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For the sake of performance, we could also hold onto a std::unordered_map<const dynamics::ShapeFrame*, size_t> where the size_t points to the location in mShapeFrameMap. That would allow us to preserve the ordering of the ShapeFrames in the CollisionGroup while also giving us good scalability for large groups. The one catch is that we would have two member fields to keep in sync.

But it's probably not an important matter, so we could put it off until v7.1.

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Yeah, that approach sounds good. We could implement something similar to nlohmann/fifo_map for the sync guarantee.

I would like to do this as a separate PR since this PR blocks others.

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Yeah, that approach sounds good. We could implement something similar to nlohmann/fifo_map for the sync guarantee.

I would like to do this as a separate PR since this PR blocks others.

class CollisionFilter;
struct CollisionOption

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Since the name of the struct is CollisionOption, I wonder if we should also name the header CollisionOption.h rather than Option.h.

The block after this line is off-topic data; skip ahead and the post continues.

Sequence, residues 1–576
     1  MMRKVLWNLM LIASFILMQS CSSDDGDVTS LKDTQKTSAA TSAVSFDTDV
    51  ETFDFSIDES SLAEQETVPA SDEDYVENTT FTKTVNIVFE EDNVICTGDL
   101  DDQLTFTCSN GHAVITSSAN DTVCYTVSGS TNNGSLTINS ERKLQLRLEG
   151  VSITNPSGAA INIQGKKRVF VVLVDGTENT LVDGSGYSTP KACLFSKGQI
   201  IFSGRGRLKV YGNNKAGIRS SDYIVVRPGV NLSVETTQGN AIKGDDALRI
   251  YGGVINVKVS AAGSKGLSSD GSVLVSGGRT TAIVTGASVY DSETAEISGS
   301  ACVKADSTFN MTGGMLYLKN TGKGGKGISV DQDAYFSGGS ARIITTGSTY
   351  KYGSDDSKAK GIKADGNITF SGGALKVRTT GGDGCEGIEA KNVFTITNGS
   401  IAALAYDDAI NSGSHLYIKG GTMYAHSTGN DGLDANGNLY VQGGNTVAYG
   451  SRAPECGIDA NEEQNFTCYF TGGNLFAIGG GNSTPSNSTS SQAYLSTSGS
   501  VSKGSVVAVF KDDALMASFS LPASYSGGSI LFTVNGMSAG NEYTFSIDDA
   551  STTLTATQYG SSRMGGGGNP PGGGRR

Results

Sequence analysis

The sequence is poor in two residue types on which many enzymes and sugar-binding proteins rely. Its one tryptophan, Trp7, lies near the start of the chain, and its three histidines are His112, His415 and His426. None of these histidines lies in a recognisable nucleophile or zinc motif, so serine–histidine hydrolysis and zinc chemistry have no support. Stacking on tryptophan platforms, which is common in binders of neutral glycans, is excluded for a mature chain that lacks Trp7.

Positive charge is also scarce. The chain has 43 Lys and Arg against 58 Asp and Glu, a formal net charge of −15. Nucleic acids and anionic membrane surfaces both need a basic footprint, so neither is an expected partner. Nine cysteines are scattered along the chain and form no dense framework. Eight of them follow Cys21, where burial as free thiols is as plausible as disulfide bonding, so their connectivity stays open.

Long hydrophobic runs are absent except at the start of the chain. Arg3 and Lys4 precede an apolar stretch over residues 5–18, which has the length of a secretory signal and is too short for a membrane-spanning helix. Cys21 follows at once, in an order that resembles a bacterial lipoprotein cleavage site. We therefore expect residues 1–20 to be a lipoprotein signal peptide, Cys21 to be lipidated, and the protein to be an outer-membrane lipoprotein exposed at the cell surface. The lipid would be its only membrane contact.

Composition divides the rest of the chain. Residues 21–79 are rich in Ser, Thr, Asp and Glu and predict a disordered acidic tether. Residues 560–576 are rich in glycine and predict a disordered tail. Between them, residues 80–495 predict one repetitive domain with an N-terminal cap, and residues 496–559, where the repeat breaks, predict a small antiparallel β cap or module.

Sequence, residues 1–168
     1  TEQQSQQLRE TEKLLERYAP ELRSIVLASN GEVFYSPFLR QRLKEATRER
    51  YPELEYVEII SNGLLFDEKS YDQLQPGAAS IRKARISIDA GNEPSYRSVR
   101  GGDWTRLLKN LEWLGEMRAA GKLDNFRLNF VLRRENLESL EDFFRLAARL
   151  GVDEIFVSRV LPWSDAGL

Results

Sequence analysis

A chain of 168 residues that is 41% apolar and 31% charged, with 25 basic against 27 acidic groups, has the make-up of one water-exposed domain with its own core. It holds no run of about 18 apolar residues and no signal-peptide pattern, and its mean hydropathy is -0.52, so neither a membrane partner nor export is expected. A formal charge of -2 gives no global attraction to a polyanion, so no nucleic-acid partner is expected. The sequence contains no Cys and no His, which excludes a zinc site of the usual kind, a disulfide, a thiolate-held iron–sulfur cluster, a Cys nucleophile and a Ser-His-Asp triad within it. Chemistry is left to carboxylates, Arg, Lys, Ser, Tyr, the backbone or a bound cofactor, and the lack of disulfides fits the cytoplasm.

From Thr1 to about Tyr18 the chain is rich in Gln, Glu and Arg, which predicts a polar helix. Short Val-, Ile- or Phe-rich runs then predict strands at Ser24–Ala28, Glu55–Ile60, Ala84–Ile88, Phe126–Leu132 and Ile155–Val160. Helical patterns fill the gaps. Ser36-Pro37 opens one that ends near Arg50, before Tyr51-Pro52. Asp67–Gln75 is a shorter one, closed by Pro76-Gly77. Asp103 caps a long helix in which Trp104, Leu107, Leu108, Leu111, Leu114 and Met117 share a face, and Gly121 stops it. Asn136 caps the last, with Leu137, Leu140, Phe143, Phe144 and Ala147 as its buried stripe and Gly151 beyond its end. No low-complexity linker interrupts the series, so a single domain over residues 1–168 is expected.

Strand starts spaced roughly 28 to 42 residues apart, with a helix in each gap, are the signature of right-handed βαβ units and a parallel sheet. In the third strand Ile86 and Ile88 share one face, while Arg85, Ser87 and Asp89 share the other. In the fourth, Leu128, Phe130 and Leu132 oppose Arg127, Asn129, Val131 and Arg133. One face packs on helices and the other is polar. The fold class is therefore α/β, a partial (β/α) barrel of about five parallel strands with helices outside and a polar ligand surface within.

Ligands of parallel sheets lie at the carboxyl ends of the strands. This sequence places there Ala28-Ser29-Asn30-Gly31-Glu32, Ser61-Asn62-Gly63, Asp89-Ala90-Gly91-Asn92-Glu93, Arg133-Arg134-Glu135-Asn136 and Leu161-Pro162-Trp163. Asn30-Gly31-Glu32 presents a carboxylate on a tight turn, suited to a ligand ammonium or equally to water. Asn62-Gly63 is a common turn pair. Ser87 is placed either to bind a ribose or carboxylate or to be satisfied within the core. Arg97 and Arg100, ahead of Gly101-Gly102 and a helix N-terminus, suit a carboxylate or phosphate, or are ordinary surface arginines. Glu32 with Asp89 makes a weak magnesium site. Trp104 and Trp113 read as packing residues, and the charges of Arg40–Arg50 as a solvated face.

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Since the name of the struct is CollisionOption, I wonder if we should also name the header CollisionOption.h rather than Option.h.

namespace dart {
namespace collision {
class CollisionResult

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Same as CollisionOption: I wonder if we should change the header name to CollisionResult.h. Alternatively, we could change the class name to Result so that it's collision::Result.

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Same as CollisionOption: I wonder if we should change the header name to CollisionResult.h. Alternatively, we could change the class name to Result so that it's collision::Result.

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This class and CollisionOption were just Result and Option, then I renamed them adding Collision- prefix because Distance[Option/Result] will be added for distanct (or raycast) query.

One concern is if having four files for [Collision/Distance][Option/Result] would be too many.

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This class and CollisionOption were just Result and Option, then I renamed them adding Collision- prefix because Distance[Option/Result] will be added for distanct (or raycast) query.

One concern is if having four files for [Collision/Distance][Option/Result] would be too many.

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Ohhh, I see. If there will be new classes with similar names, then it makes sense to give the header a generic name like this. 👍

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Ohhh, I see. If there will be new classes with similar names, then it makes sense to give the header a generic name like this. 👍

CollisionDetector();
/// Create CollisionObject